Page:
The act of letting go and decluttering can help our soul find peace and contentment.
A few days ago, there was a major plumbing problem in one of the toilets at home. In anticipation of the breaking down and the fine dust, the entire room, wardrobes, lofts et al had to be emptied and the stuff placed elsewhere — the sheer volume of which overwhelmed me.
Heirlooms enough for a mini utensils museum, unused gifts, not-so-nice looking mementos which were never displayed, letters, books (bought and yet to be read), files, paper cuttings, magazines, old pocket radios (vintage value you see), clothes the children had outgrown but which held memories of a different time, unstitched material, Ganesha icons and Kalamkari paintings for my collection and so on and so forth.
The house was in a state of complete chaos leaving me edgy and irritated. All the clutter, mess and disarray had fouled up the energies.
The message was loud and clear. It was a temporary phase — yes, but it was also a wake-up call for downsizing and reducing.
I was at once reminded of a favourite nun in my school who graciously accepted gifts that we gave her but almost immediately gave it away to her young nieces or others she came in contact with. As a renunciate she had taken the vow of poverty and did not stake claims of ownership over anything. I realised what a wise and selfless approach that was.
While it is true that our home and whatever we have in it does tell people about our tastes and style to some extent, it does not define us entirely. Refraining from developing deep attachments towards material objects in our possession will stand us in good stead. When we start collecting anything, be it stamps or gramophone records or bronze icons or designer wear — initially, anything that can swell our collection catches our fancy and tempts us to give in. Marketeers, malls and retailers of course are only doing their job when they use every possible bait to lure us.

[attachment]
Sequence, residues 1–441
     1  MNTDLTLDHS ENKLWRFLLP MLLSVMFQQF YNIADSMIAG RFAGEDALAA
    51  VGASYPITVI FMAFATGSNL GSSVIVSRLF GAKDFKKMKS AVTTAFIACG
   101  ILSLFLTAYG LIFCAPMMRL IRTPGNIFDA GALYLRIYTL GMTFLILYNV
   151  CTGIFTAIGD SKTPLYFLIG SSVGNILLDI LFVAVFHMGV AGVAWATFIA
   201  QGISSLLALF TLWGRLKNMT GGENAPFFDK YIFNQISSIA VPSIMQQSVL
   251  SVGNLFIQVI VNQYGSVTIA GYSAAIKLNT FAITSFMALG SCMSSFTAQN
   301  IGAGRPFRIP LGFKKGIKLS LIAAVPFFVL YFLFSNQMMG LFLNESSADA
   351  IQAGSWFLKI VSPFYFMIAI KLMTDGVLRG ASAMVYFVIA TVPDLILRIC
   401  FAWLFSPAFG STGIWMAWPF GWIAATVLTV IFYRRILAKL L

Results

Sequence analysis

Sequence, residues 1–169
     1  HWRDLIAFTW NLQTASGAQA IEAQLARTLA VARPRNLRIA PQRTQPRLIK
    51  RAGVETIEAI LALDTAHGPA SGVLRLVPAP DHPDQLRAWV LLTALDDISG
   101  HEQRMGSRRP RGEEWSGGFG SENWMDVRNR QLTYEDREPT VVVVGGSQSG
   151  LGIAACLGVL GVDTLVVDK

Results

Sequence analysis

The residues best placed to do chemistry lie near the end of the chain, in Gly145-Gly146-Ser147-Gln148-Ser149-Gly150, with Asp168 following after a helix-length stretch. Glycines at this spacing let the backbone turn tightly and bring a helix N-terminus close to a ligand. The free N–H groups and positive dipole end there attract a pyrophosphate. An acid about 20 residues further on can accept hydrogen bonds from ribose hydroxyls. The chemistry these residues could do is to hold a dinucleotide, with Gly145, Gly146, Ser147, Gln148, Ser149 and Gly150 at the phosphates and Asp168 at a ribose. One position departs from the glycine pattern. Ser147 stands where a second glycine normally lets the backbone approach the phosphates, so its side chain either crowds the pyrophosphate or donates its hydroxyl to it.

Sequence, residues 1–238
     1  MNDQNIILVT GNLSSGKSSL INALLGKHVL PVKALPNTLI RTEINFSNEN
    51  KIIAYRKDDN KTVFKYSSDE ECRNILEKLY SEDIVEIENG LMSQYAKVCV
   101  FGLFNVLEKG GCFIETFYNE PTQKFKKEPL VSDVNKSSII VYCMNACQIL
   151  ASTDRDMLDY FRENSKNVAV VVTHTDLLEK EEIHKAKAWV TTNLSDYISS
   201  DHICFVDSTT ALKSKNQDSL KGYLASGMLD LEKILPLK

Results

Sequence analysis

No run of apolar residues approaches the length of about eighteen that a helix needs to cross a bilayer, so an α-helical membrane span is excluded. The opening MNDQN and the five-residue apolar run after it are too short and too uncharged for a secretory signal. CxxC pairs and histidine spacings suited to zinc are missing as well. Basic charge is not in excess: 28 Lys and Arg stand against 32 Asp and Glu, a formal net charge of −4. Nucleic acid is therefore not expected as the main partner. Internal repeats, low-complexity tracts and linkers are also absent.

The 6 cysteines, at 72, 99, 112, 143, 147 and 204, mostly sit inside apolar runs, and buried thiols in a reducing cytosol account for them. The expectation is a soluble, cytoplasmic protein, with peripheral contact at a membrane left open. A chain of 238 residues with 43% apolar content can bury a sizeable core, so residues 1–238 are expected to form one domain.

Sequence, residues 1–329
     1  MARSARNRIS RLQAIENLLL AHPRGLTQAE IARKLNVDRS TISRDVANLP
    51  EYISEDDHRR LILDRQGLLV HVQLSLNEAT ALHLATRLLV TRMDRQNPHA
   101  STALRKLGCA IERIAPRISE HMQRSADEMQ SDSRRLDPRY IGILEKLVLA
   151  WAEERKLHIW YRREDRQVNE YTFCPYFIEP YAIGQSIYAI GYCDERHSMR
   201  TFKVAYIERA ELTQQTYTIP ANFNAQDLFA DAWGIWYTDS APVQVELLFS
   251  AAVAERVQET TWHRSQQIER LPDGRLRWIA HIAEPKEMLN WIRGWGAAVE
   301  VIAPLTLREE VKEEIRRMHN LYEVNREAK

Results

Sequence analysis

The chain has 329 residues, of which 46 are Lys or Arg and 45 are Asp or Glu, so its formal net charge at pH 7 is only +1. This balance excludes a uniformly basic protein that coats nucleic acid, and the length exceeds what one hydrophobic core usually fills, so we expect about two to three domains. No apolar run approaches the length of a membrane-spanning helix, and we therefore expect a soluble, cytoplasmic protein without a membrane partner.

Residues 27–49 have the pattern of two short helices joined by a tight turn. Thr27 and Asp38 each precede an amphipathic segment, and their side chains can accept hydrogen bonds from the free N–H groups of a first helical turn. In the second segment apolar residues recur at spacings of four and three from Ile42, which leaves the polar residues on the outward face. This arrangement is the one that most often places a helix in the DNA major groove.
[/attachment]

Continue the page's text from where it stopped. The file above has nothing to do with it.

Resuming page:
Keep your head above the din and instead of wanting more, start expressing gratitude for what you have. Cultivate contentment. As the proverb goes: “A harvest of peace is produced from a seed of contentment.”
The happiness from acquiring material objects is fleeting and momentary and never lasting. On the contrary, protecting and guarding our collections only makes us anxious.
Remember that it can all come to naught in a flash. A natural calamity such as floods or an earthquake or fire can completely gut and totally ravage it. Or an accident in the routine process of cleaning when our favourite china or expensive crystal slips out of our hands and breaks into pieces can reduce the object of our desire to nothing.
Even if you just start buying less from today, you will be taking a significant step forward in your spiritual journey. Self-control and restraint are not so difficult to cultivate if we train ourselves to let those intense urges pass. This will strengthen us spiritually. We will also be doing our bit to preserve the resources of Mother Earth for future generations.
Take stock periodically and involve the family in giving away whatever you can do without, while things are still usable. Don’t wait till you are forced to give — when children fly the nest or parents pass on.
Do your homework before you give, so that it reaches the person/charity who is likely to put what is given to good use. This makes giving easier. Today people even fund raise with gently used designer clothes. The gratitude of recipients creates ripples of joy in return and will help you discover the joy of owning less.
The exercise will leave you feeling liberated besides freeing up more space and cutting the cords that hold you back.